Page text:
Most working mothers (62%) prefer to work part time, according to research conducted by the Pew Research Center. Working fathers, not so much. Only 21% of them say they’d rather work part time than full time.
Rick Dernberger is one of them. For a long time after they had children, he and his wife Becca both worked full time. Whenever one of the kids got sick, “we’d have fights over who had the most important day,” he says. “One day she whimsically said, ‘Why don’t you quit work?’ That had never occurred to me, but as soon as she said it, I knew it was right. She was making more and she enjoyed her job more.”
For the last seven years, the arrangement has been working for the Dernbergers. Rick enjoys the mix of parenting four daughters (ages 6 – 20), counseling college students, and helping entrepreneurs get new business loans. Being a part of all the details of his daughters’ daily lives has been especially rewarding—and an opportunity that most dads don’t have.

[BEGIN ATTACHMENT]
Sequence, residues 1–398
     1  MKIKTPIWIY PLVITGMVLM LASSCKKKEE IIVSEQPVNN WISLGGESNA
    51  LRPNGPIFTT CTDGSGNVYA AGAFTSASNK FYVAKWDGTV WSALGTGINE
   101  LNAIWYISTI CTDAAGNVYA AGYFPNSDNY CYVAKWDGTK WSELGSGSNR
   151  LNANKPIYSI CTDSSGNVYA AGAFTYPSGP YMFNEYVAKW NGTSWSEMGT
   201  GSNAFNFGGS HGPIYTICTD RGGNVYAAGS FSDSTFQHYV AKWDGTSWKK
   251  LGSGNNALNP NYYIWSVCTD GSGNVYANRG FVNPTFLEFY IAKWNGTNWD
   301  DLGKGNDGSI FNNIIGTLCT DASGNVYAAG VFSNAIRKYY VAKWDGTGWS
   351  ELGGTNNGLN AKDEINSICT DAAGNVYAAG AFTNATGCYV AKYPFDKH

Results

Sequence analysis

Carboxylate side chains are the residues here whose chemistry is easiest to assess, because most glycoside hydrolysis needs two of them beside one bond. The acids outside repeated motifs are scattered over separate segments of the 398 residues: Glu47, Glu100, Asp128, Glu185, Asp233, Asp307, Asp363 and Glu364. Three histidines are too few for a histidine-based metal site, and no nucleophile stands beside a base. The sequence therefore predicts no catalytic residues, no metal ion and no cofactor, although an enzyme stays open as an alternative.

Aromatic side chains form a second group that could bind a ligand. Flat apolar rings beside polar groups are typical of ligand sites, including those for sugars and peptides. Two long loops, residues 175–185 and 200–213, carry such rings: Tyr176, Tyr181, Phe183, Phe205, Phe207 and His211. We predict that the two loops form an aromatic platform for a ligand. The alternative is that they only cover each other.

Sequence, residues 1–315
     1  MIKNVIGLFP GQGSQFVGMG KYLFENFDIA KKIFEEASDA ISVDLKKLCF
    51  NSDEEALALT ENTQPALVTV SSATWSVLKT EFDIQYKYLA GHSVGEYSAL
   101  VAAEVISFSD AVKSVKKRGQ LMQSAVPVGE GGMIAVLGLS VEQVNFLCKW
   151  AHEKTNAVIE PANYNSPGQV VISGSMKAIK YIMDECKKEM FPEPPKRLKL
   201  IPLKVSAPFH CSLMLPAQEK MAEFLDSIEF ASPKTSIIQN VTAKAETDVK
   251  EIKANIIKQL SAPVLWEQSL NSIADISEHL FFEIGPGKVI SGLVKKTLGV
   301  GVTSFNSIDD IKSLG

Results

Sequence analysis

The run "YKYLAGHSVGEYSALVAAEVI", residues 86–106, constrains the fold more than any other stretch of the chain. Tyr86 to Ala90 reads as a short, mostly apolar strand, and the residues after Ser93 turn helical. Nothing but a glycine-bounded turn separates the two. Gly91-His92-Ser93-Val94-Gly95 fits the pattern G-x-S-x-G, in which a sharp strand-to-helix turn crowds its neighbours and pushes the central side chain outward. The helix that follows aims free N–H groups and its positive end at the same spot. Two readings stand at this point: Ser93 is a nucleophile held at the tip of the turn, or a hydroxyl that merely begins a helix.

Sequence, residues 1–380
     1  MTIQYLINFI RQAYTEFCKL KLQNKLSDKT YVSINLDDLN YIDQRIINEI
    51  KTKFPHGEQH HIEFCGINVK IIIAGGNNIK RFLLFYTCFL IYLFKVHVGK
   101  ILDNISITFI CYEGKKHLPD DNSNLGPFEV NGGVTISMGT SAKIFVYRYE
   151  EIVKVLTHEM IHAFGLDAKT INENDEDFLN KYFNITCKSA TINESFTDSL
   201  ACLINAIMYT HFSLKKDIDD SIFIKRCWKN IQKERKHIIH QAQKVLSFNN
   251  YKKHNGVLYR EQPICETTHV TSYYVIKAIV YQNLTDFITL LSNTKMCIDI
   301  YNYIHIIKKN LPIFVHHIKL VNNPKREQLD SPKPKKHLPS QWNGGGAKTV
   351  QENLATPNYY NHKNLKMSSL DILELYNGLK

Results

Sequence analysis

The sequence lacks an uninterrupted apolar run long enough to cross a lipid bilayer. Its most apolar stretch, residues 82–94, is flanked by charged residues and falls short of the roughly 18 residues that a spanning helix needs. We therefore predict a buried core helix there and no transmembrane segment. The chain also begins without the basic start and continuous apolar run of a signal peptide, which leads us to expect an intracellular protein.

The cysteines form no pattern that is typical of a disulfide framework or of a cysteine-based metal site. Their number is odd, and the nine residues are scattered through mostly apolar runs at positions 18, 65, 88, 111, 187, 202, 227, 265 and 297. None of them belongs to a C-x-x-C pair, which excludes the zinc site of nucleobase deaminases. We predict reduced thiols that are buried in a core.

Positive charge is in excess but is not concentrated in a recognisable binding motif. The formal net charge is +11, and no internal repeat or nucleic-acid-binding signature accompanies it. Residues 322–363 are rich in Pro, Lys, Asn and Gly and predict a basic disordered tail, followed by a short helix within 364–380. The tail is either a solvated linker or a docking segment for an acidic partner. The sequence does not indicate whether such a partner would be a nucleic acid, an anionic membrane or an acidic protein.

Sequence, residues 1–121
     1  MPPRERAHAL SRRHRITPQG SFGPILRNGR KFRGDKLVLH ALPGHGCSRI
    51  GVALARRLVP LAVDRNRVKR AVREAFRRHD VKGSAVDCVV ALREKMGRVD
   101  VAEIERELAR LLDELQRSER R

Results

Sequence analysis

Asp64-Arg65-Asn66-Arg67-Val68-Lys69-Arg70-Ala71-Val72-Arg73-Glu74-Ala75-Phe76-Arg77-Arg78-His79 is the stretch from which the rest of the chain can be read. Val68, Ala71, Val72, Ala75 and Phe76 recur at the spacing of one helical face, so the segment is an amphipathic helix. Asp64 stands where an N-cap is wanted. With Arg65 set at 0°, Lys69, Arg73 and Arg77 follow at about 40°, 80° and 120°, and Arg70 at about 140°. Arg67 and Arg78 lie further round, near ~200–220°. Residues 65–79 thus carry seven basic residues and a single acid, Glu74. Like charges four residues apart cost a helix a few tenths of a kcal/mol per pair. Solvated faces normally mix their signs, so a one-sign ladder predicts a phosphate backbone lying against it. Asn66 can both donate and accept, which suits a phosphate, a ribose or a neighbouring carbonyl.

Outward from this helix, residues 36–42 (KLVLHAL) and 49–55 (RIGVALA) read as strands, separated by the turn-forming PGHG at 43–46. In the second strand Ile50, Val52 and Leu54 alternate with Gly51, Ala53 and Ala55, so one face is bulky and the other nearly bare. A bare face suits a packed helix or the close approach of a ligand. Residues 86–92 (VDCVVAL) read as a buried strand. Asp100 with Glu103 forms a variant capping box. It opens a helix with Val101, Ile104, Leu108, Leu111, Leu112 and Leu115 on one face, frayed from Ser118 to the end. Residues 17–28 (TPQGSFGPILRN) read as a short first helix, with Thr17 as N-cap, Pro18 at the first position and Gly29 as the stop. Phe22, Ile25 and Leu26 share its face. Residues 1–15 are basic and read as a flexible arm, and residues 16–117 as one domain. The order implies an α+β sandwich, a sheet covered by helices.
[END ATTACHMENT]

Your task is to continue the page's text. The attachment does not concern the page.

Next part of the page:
The Pew research didn’t ask men why they don’t want to work part-time, but it’s not hard to guess a few reasons. Cultural norms change slowly. Most men had dads who worked full time so, like Rick, the option might not even be on their radar screen. Even if men do consider it, the decision may be driven by finances: men still make more, on average (women make about 77 cents for every dollar men make).
Still, some men have made the switch. At Herman Miller, .5% of male employees in the U.S. currently work part time; 6.3% of female employees do. In our international division, 1.6% of employees work part time, and all are women.